Page:Stevenson - The Merry Men (1905).djvu/181

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169
OLALLA

be born of its mother, that it should grow and clothe itself (we know not how) with humanity, and put on inherited looks, and turn its head with the manner of one ascendant, and offer its hand with the gesture of another, are wonders dulled for us by repetition. But in the singular unity of look, in the common features and common bearing, of all these painted generations on the walls of the residencia, the miracle started out and looked me in the face. And an ancient mirror falling opportunely in my way, I stood and read my own features a long while, tracing out on either hand the filaments of descent and the bonds that knit me with my family.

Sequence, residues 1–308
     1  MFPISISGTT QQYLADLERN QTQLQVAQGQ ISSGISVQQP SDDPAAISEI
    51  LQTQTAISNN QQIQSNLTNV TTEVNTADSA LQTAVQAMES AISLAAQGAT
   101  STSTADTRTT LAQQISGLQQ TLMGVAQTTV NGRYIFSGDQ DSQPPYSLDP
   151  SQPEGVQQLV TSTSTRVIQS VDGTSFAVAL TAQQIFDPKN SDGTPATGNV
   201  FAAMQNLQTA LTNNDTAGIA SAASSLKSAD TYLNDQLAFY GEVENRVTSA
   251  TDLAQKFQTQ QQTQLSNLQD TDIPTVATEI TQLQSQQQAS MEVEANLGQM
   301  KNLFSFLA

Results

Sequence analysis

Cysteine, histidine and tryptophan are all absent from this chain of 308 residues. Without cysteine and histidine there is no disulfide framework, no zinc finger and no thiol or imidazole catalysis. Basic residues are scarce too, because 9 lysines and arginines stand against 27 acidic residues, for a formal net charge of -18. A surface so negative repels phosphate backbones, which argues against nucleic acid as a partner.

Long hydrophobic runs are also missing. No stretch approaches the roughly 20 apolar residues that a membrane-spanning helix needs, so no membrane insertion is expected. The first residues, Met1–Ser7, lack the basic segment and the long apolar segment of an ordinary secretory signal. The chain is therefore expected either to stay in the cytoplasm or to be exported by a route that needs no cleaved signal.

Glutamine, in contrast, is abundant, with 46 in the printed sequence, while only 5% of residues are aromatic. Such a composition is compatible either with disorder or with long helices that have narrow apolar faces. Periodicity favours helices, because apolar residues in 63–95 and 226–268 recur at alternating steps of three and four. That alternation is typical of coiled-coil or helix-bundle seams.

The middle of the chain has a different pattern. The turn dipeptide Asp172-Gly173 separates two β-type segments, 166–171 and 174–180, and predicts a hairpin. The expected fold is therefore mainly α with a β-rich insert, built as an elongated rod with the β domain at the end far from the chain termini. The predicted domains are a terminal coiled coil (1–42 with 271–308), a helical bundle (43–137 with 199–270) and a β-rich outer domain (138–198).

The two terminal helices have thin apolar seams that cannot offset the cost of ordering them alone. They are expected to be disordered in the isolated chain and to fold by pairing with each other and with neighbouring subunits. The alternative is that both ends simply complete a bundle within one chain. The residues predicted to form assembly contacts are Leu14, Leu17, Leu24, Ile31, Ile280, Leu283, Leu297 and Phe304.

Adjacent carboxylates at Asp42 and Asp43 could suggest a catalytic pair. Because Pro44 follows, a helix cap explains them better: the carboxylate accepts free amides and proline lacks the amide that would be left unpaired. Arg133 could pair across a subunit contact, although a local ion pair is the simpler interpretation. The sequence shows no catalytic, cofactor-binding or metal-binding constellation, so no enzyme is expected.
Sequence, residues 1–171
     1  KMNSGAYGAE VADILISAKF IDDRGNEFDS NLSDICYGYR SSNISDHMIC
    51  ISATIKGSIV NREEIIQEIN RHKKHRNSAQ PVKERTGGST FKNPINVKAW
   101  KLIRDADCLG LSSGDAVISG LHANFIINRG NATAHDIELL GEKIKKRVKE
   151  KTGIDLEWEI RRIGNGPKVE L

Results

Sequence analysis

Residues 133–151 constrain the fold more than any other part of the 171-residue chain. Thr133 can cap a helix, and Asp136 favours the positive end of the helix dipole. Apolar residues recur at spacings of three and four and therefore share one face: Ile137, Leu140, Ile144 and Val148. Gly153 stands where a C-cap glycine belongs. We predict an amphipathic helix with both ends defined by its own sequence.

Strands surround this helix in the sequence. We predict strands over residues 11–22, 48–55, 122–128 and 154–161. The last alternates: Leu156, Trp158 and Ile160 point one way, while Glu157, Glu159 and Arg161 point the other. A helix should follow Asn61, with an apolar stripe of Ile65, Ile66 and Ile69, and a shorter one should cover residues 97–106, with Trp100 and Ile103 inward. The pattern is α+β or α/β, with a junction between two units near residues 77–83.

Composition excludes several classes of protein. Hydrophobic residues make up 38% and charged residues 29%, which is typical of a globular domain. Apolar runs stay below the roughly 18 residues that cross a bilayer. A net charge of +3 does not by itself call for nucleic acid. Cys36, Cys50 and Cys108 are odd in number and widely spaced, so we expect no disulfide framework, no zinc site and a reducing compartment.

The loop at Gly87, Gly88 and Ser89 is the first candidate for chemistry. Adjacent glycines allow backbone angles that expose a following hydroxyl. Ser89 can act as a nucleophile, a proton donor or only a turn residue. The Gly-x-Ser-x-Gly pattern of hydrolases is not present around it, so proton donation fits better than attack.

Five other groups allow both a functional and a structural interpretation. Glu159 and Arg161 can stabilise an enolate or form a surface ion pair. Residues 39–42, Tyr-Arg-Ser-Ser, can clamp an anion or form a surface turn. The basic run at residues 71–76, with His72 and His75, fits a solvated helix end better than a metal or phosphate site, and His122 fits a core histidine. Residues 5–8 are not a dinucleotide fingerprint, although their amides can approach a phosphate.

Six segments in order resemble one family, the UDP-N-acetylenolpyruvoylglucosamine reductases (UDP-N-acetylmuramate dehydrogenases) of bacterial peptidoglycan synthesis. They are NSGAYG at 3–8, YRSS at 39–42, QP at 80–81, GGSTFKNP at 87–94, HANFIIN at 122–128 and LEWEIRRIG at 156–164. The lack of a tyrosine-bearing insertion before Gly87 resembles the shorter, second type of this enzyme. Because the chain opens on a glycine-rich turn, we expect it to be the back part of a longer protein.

At last, in the course of these investigations, I opened the door of a chamber that bore the marks of habitation. It was of large proportions and faced to the north, where the mountains were most wildly figured. The embers of a fire smouldered and smoked upon the hearth, to which a chair had been drawn close. And yet the aspect of the chamber was ascetic to the degree of sternness; the chair was uncushioned; the floor and walls were naked; and beyond the books which lay here and there in some confusion, there was no instrument of either work or pleasure. The sight of books in the house of such a family exceedingly amazed me; and I began with a great hurry, and in momentary fear of interruption, to go from one to another and hastily inspect their character. They were of all sorts, devotional, historical, and scientific, but mostly of a great age and in the Latin tongue. Some I could see to bear the marks of constant study; others had been torn across and tossed aside as if in